Luc Maurice in 10 questions.
(Well, maybe a few more)


For this blog post, I was allowed to steal the stage from Mr. Maurice so that I could obtain a little “inside info”. There’s a lot more to this man than being the founder of Le Groupe Maurice, and I thought we’d all enjoy learning what makes him tick. I met him virtually, as he was isolated at his chalet dealing with a bout of Covid. (Yes, even top guns like him aren’t immune to the wrath of Omicron!). But true to his good nature, he graciously swept his symptoms aside for my queries and questions. So, let’s start the year in a light-hearted way, with 10 Questions for Luc Maurice!


Mr. Maurice, you’re at your famous chalet, the one we so often hear about. Why is it so special to you?

Well, I’ve just renovated it. More like demolished it, actually. It was the chalet that I’d built myself when I was 17. My father was a small general contractor and I learned a great deal helping out on his construction sites. I loved working with him. We got along really well. You know, at my core, I quite enjoy working with my hands, despite my fondness for engaging with intellectuals.

While building my chalet, I was studying at the Royal Military College Saint-Jean. On weekends, my friends and classmates would come and help me out. It gave them a little getaway out of town and gave me some extra arms to build the frame!

One big advantage of going to military college was that you’re paid to study. That’s what enabled me to afford the construction costs of the chalet. I’ve never been materialistic or much of a big spender. In fact, I’ve never bought a house in my life. The only building that truly belongs to me is my chalet.

I finished building the chalet by the time I was 21, and never renovated it much since. But then COVID came, and as I was planning to spend a lot of time at the chalet (as my downtown Montreal apartment was essentially closed), I set out to give my then unemployed entrepreneur friends some exterior renovation work. I wanted my chalet to have a natural look, with stones, logs and plenty of windows. The idea was to feel as though you were in the woods, while being inside. So, I have a view of the lake and the mountains. There’s also a large fireplace. (I burned 32 cords of wood just last year). It’s not a castle. But it’s my home. You could say it reflects me.


So this is your haven of peace and tranquillity. This is where you manage to decompress from work, if I understand correctly?

Absolutely. I often say that if I hadn’t had this place, I would be a completely different person.


Really! How so?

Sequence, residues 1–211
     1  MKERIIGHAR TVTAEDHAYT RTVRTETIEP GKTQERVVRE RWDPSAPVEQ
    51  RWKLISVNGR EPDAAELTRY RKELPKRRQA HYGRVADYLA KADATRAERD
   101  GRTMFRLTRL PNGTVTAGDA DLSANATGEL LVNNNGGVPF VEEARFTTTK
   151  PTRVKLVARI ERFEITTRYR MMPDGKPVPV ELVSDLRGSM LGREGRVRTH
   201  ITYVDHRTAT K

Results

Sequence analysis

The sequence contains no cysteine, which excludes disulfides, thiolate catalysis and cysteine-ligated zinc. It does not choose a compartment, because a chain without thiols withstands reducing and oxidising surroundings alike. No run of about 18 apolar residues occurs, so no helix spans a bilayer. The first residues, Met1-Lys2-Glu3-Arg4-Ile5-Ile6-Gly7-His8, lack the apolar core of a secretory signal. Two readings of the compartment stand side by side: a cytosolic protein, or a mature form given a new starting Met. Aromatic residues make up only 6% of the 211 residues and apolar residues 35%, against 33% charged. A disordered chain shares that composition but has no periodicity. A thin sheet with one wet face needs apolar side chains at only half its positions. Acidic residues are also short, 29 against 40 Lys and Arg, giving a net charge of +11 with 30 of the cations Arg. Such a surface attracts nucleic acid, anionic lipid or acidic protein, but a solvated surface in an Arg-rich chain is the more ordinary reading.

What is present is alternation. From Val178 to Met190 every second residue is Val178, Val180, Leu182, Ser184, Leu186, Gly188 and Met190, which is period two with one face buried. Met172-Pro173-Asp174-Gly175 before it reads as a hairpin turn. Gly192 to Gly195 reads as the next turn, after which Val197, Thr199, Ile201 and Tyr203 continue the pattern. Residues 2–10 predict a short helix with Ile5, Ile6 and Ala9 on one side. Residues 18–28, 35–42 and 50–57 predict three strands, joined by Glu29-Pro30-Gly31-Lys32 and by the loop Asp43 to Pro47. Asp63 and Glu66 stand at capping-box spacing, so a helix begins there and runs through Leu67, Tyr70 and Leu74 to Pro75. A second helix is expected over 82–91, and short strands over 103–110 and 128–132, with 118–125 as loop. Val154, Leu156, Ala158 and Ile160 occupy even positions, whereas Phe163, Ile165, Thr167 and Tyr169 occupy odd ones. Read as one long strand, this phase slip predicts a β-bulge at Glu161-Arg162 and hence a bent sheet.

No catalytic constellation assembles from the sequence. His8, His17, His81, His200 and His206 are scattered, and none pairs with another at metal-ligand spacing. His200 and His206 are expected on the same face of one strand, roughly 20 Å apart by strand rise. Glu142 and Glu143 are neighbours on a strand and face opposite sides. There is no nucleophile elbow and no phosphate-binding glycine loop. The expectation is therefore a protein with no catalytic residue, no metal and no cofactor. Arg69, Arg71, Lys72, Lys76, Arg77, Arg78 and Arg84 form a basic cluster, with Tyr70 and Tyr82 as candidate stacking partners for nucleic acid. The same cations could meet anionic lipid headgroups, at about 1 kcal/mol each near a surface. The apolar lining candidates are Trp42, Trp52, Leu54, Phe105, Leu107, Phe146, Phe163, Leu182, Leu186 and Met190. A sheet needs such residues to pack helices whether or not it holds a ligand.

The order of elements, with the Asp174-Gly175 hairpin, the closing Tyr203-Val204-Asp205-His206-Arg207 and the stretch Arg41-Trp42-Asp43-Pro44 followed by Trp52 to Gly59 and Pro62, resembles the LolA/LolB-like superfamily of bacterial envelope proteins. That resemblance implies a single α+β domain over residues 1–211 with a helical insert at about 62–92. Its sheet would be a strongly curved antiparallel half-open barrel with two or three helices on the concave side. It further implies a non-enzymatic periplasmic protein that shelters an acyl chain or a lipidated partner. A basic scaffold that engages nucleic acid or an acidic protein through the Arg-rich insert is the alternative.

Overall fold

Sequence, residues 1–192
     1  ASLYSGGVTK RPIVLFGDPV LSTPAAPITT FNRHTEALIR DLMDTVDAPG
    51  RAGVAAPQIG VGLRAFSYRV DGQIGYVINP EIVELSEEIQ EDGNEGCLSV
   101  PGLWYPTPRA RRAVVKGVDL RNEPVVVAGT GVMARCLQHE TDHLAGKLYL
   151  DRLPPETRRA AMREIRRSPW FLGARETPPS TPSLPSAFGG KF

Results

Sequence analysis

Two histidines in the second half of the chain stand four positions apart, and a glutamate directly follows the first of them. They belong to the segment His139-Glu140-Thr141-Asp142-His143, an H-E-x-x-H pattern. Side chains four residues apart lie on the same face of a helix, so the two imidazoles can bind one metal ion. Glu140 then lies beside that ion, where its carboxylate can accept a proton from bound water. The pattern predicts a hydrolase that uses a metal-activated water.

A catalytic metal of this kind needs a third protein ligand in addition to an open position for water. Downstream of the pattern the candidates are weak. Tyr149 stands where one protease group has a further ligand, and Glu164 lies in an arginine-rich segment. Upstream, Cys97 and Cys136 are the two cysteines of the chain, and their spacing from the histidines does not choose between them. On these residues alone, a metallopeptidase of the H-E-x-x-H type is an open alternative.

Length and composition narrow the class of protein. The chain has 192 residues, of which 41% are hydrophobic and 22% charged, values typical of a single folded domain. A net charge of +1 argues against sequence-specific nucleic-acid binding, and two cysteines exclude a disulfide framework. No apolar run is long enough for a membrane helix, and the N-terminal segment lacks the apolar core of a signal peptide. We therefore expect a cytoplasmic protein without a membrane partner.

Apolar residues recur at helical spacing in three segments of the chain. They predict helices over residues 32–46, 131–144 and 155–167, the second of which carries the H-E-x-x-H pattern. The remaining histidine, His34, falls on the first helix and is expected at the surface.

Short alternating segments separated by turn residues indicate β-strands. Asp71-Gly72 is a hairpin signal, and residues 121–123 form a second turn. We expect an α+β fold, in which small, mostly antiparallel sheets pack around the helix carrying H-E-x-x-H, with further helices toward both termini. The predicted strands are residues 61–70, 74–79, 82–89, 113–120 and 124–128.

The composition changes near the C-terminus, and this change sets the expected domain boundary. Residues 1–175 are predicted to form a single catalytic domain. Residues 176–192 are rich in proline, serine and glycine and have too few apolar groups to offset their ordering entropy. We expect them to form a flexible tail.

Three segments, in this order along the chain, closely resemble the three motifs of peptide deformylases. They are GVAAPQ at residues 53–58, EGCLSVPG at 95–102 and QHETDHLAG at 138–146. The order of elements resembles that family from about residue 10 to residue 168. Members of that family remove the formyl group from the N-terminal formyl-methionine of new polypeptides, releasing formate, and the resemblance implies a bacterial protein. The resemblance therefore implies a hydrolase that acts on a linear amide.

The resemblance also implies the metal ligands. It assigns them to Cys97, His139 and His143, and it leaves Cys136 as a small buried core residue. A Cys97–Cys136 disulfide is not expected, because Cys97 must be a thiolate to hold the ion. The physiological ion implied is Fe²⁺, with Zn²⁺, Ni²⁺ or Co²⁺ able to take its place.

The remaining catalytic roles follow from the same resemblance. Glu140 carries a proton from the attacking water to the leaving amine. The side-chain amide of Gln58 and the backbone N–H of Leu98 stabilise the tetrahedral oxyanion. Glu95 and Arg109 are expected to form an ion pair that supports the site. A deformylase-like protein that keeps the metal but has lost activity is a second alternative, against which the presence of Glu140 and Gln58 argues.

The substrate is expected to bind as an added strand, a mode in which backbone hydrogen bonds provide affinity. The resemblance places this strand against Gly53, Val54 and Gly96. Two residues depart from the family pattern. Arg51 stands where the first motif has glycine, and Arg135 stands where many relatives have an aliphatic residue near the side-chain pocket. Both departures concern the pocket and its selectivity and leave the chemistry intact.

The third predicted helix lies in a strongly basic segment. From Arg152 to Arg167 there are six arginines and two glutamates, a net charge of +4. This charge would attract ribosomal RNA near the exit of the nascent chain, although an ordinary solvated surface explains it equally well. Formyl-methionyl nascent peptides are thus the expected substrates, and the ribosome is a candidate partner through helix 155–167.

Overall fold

I’m super intense in pretty much everything I do. It’s hereditary. My father and grandfather were the same. My father died at the age of 48 from coronary heart disease, which unfortunately was not detected in time. People smoked, worked very hard and didn’t pay enough attention to themselves. It was the reality in those days.

So, at age 39, I decided to stop working and take better care of myself. This “pause” lasted 17 months. I had saved some money, as I had few possessions, and my cottage was paid for. So, I left my job at Canadian National and began building a log camp in the Far North, while working as a snowmobile guide for tourists. It allowed me to put things into perspective. Within 6 months, my blood pressure (then a little too high) went down below normal. It was then that I understood the importance of lifestyle on our health, and that I had to take care of myself.

Since that time, and also due to my genes, I try to eat well and stay active – especially over the past two years. Being planted in front of a screen all day isn’t exactly healthy, so I make sure to spend two hours each day in the mountains.


Two hours in the forest! What do you do there?

You’ll laugh, but I talk to my tree “friends”. I made myself a small park with a cross-country ski trail. It’s sort of my little corner of paradise where I feel good. It’s like my private pilgrimage path.

But I’m not so different from others. In our current environment, many people are learning to appreciate nature again; to realize the major influence it exerts on our well-being and the way it can reset the pace in our lives. People have found a kind of balance, and that’s good.


What’s your favourite pastime when at your chalet?

Well, I love winter. When it snows, I feel like I’m 5 years old again. On stormy days, I’m almost in a trance. It amazes me, the snow. It’s pure, calm, gentle… and it offers so many possibilities. I have vacationed far more in the Northwest Territories, Northern Abitibi, Yukon and Alaska than in the South. The period when I take the most time for myself, is in winter. I also enjoy travelling by snowmobile. There’s no place that isn’t accessible to me!